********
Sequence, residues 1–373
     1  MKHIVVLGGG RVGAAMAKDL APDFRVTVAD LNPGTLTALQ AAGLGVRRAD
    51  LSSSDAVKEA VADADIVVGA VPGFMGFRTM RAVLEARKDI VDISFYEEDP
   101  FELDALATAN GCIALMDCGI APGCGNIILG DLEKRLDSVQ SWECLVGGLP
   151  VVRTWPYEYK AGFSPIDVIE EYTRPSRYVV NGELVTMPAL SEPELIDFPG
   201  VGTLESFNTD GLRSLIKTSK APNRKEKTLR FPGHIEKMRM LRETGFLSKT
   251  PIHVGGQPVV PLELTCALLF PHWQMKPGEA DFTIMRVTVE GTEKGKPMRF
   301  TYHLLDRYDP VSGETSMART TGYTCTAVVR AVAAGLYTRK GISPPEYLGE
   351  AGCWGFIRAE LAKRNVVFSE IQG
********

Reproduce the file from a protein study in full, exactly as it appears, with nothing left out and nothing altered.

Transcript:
Sequence, residues 1–373
     1  MKHIVVLGGG RVGAAMAKDL APDFRVTVAD LNPGTLTALQ AAGLGVRRAD
    51  LSSSDAVKEA VADADIVVGA VPGFMGFRTM RAVLEARKDI VDISFYEEDP
   101  FELDALATAN GCIALMDCGI APGCGNIILG DLEKRLDSVQ SWECLVGGLP
   151  VVRTWPYEYK AGFSPIDVIE EYTRPSRYVV NGELVTMPAL SEPELIDFPG
   201  VGTLESFNTD GLRSLIKTSK APNRKEKTLR FPGHIEKMRM LRETGFLSKT
   251  PIHVGGQPVV PLELTCALLF PHWQMKPGEA DFTIMRVTVE GTEKGKPMRF
   301  TYHLLDRYDP VSGETSMART TGYTCTAVVR AVAAGLYTRK GISPPEYLGE
   351  AGCWGFIRAE LAKRNVVFSE IQG